Tape your metal to the edge of a table and clamp it into place. The tape isn't completely necessary, but helps to hold the metal from falling off the table when you need to adjust the clamp.

Step 5: Cutting Holes

Detach the blade from the top of your jeweler's saw and thread it through one of the drilled holes before reattaching it.

Cut around the circle.

Detach the top of the blade again to remove the jeweler's saw.

Repeat until all negative spaces are cut out.

Step 6: Cutting Edges

Cut out the edges of the design before cutting the top out.

Step 7: Filing

File the edges until smooth.

Step 8: Sanding

Because it's very likely there are a few scratches in the surface of the metal, sand the front and back of each piece. This will rub out the scratches. If you're patient, you can also sand it with a variety of grits from 200 up to 600 for a shinier finish.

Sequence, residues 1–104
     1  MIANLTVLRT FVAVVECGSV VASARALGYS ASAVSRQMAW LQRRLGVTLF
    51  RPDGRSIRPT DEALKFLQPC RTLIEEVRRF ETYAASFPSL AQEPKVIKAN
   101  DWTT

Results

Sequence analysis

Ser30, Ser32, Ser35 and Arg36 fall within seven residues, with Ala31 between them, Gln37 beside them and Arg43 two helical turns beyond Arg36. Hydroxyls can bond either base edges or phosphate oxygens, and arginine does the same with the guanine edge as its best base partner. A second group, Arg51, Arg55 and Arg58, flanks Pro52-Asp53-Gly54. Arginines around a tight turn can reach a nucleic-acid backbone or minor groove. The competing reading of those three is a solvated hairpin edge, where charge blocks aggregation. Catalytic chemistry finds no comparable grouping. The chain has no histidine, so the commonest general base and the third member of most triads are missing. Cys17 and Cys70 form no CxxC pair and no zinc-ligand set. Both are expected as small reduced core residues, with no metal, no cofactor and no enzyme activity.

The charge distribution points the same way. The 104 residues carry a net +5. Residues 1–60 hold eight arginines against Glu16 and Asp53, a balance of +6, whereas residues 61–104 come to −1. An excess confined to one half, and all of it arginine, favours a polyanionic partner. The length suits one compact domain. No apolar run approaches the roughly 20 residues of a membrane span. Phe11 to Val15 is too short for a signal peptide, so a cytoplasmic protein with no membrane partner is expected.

Step 9: Enjoy

Bend the top to the side slightly to wear.

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    9 Discussions


    Question 1 year ago on Introduction

    Hi there, thank you so much for this helpful tutorial. I would really like to make my own cut out metal triangles for necklaces. I can see how I could do this with your method. However, is the quickest way to achieve this without using a cutting laser machine? I'm looking to start making my own jewellery so I'm just in the research stages but I can't seem to find much information on this. Thanks so much in advance =) happy to follow your method as cutting machines are so expensive!

    1 answer

    Answer 1 year ago

    Thanks, I'm glad you found it helpful. Hobby laser cutters aren't strong enough for that. I have a $4,000 laser cutter and it barely engraves. You're looking at a 5 figure laser cutter if you want to cut metal. Good luck!


    2 years ago

    Great saw control!! Beautiful job.


    2 years ago